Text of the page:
By JUSTIN AMASH, US Representative, 3rd Congressional District, Michigan.
Please read the prefatory note below first. Click on bar or button marked “v”
[learn_more]A number of our regular contributors have said it here already, eloquently, the US government is once again trying to fool the American people by dint of artifice into another criminal war. Syria’s Assad government, too independent for Washington’s and Israel’s taste, a nation that has the audacity to sport her own allies in a coveted region, has been in Washington’s crosshairs for a long time, way before there was an Iraq intervention, or a Libya “humanitarian intervention” and many other horrendous depredations America has committed under false pretenses—in fact even before there was an official (and convenient) “War on Terror” detonated by the events of 9/11. The latest exercise in massive hypocrisy is this sneaky war on Assad waged on the coattails of the revulsion created by the beheadings by ISIS—a monster undeniably manufactured by US foreign policy—of several Western journalists and players in that conflicted region. The importance of this article, and why it is news in our view, is because, as in the case of the dog that bites human not being news, but the human biting dog being news…the denunciation of this staggering crime is being done by none other than Justin A. Amash, an American attorney, and—to add more incredulity to the mix—a Republican member of Congress for Michigan’s 3rd congressional district, centered around Grand Rapids. —Patrice Greanville[/learn_more]
(1) be careful when defining a military mission;
(2) speak forthrightly with the American people about the sacrifices they will be called to make;
(3) plan more than one satisfactory end to the conflict, and
(4) be humble about what we think we know.
These lessons should be at the front of our minds when Congress votes today on whether to arm groups in Syria.
Today’s amendment ostensibly is aimed at destroying ISIS—yet you’d hardly know it from reading the amendment’s text. The world has witnessed with horror the evil of ISIS: the public beheading of innocents, the killing of Christians, Muslims, and others.
The amendment’s focus—arming groups fighting the Assad government in Syria—has little to do with defeating ISIS. The mission that the amendment advances plainly isn’t the defeat of ISIS; it’s the defeat of Assad.
Americans stood overwhelmingly against entangling our Armed Forces in the Syrian civil war a year ago. If Congress chooses to arm groups in Syria, it must explain to the American people not only why that mission is necessary but also the sacrifices that that mission entails.
The Obama administration has tried to rally support for U.S. involvement in the Syrian civil war by implying that our help would be at arm’s length. The amendment Congress will vote on broadly authorizes “assistance” to groups in Syria. It does not specify what types of weapons our government will give the groups. It does not prohibit boots on the ground. (The amendment is silent on the president’s power to order our troops to fight in the civil war; it states only that Congress doesn’t provide “specific statutory authorization” for such escalation.) It does not state the financial cost of the war.
As we should have learned from the wars in Iraq and Afghanistan, we must plan for multiple satisfactory ends to military conflicts before we commence them.
If the Syrian groups that are “appropriately vetted” (the amendment’s language) succeed and oust Assad, what would result? Would the groups assemble a coalition government of anti-Assad fighters, and would that coalition include ISIS? What would happen to the Alawites and Christians who stood with Assad? To what extent would the U.S. government be obligated to occupy Syria to rebuild the government? If each of the groups went its own way, would Syria’s territory be broken apart, and if so, would ISIS control one of the resulting countries?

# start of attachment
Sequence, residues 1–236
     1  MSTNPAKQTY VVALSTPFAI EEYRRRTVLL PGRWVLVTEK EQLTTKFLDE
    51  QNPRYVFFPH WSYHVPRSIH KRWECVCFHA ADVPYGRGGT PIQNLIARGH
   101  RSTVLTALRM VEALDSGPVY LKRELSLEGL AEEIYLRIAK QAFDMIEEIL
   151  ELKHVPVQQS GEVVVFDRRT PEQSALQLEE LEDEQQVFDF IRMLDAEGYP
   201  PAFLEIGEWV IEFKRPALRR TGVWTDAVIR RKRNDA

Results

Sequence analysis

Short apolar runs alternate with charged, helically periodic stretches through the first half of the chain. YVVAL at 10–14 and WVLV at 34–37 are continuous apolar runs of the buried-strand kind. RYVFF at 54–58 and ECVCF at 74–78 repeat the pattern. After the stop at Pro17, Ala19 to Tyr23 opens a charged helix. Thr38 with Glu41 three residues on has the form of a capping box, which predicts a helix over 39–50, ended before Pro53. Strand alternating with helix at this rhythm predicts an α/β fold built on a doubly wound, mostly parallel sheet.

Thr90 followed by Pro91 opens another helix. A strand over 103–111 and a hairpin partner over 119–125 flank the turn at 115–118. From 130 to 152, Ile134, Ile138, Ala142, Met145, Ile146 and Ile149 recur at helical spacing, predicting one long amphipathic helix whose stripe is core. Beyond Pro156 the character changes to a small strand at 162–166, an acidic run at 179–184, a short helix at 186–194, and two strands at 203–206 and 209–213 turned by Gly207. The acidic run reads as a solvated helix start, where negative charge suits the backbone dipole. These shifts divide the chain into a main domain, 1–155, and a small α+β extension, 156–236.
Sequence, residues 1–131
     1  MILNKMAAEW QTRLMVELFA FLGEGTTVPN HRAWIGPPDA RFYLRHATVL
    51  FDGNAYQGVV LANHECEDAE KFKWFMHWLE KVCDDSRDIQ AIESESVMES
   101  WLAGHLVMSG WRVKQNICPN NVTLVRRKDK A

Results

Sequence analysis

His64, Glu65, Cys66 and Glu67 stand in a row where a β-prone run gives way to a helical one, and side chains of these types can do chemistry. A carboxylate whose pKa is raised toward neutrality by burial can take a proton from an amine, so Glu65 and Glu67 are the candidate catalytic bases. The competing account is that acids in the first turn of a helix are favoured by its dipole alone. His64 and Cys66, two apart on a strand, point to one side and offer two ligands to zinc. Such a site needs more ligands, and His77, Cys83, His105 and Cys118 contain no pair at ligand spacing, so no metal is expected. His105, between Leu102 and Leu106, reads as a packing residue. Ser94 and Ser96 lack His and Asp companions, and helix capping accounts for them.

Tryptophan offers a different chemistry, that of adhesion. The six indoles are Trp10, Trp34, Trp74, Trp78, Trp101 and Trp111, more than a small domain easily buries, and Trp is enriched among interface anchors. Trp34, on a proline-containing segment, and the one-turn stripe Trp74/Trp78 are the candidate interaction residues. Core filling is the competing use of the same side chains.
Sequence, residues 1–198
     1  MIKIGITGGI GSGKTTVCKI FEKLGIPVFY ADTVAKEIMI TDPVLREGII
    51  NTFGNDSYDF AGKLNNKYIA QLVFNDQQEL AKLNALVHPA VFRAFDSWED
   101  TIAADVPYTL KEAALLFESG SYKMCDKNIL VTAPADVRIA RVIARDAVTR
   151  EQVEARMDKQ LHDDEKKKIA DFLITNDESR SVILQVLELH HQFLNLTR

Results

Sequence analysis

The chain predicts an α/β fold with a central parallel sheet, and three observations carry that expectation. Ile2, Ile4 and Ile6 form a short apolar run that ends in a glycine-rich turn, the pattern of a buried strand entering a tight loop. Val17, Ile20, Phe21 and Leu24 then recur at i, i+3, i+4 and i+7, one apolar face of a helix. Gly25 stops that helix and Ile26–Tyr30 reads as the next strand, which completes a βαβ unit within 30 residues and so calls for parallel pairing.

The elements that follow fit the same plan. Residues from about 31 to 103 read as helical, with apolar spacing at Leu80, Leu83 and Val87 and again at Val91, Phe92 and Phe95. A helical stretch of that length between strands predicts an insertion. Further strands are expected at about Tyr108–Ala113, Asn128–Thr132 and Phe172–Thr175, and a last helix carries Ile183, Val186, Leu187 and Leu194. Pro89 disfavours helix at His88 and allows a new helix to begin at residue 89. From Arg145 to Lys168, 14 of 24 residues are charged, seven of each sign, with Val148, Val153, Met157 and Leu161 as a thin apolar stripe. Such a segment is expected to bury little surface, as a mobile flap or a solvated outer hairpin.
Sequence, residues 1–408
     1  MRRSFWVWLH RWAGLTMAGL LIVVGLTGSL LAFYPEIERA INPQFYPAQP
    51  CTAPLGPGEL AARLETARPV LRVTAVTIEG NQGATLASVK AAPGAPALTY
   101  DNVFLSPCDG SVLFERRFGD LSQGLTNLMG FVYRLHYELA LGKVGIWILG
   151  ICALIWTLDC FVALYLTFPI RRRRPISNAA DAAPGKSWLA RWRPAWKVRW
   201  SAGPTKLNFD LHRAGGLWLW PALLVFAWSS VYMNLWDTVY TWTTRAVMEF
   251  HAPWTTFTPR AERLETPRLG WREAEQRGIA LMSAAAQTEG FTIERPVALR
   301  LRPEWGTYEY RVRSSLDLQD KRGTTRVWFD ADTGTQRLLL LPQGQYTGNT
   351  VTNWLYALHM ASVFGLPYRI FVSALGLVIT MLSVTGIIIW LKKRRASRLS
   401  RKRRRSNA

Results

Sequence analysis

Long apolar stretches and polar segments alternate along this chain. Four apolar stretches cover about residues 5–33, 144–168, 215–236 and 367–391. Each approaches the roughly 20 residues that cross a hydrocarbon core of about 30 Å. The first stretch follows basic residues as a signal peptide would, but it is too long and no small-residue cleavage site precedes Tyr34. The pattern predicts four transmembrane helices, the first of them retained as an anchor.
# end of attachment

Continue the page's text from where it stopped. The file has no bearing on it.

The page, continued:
If the Syrian groups that we support begin to lose, would we let them be defeated? If not, is there any limit to American involvement in the war?
Perhaps some in the administration or Congress have answers to these questions. But the amendment we’ll vote on today contains none of them.
Above all, when Congress considers serious actions—especially war—we must be humble about what we think we know. We don’t know very much about the groups we propose to support or even how we intend to vet those groups. Reports in the last week suggest that some of the “appropriately vetted” groups have struck deals with ISIS, although the groups dispute the claim. The amendment requires the administration to report on its efforts to prevent our arms and resources from ending up in the wrong hands, but we know little about those precautions or their effectiveness.
Today, I will vote against the amendment to arm groups in Syria. There is a wide misalignment between the rhetoric of defeating ISIS and the amendment’s actual mission of arming certain groups in the Syrian civil war. The amendment provides few limits on the type of assistance that our government may commit, and the exit out of the civil war is undefined. And given what’s happened in our country’s most recent wars, our leaders seem to have unjustified confidence in their own ability to execute a plan with so many unknowns.
Some of my colleagues no doubt will come to different judgments on these questions. But it’s essential that they consider the questions carefully. That the president wants the authority to intervene in the Syrian civil war is not a sufficient reason to give him that power. Under the Constitution, it is Congress’s independent responsibility to commence war.
We are the representatives of the American people. The government is proposing to take their resources and to put their children’s lives at risk. I encourage all my colleagues to give the decision the weight it is due.